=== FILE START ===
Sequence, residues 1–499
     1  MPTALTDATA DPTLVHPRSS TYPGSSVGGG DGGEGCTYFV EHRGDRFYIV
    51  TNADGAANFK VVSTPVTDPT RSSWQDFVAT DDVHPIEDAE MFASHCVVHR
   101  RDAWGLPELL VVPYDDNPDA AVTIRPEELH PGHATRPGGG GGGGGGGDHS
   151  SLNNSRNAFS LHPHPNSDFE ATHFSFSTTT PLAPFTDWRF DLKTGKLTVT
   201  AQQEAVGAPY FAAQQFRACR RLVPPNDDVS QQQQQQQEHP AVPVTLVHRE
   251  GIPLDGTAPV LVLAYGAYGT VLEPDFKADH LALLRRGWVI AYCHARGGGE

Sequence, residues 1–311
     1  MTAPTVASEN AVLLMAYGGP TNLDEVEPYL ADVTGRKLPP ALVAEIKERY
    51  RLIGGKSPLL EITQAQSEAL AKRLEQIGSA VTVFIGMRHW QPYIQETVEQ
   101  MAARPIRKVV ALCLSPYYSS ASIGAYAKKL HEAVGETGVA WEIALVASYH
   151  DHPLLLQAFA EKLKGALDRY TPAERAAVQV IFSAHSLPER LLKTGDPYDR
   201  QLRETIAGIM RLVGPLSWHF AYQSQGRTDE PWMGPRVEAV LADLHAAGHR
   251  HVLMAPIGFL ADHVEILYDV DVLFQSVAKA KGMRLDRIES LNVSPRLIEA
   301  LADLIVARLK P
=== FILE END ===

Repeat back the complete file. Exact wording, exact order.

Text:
Sequence, residues 1–499
     1  MPTALTDATA DPTLVHPRSS TYPGSSVGGG DGGEGCTYFV EHRGDRFYIV
    51  TNADGAANFK VVSTPVTDPT RSSWQDFVAT DDVHPIEDAE MFASHCVVHR
   101  RDAWGLPELL VVPYDDNPDA AVTIRPEELH PGHATRPGGG GGGGGGGDHS
   151  SLNNSRNAFS LHPHPNSDFE ATHFSFSTTT PLAPFTDWRF DLKTGKLTVT
   201  AQQEAVGAPY FAAQQFRACR RLVPPNDDVS QQQQQQQEHP AVPVTLVHRE
   251  GIPLDGTAPV LVLAYGAYGT VLEPDFKADH LALLRRGWVI AYCHARGGGE

Sequence, residues 1–311
     1  MTAPTVASEN AVLLMAYGGP TNLDEVEPYL ADVTGRKLPP ALVAEIKERY
    51  RLIGGKSPLL EITQAQSEAL AKRLEQIGSA VTVFIGMRHW QPYIQETVEQ
   101  MAARPIRKVV ALCLSPYYSS ASIGAYAKKL HEAVGETGVA WEIALVASYH
   151  DHPLLLQAFA EKLKGALDRY TPAERAAVQV IFSAHSLPER LLKTGDPYDR
   201  QLRETIAGIM RLVGPLSWHF AYQSQGRTDE PWMGPRVEAV LADLHAAGHR
   251  HVLMAPIGFL ADHVEILYDV DVLFQSVAKA KGMRLDRIES LNVSPRLIEA
   301  LADLIVARLK P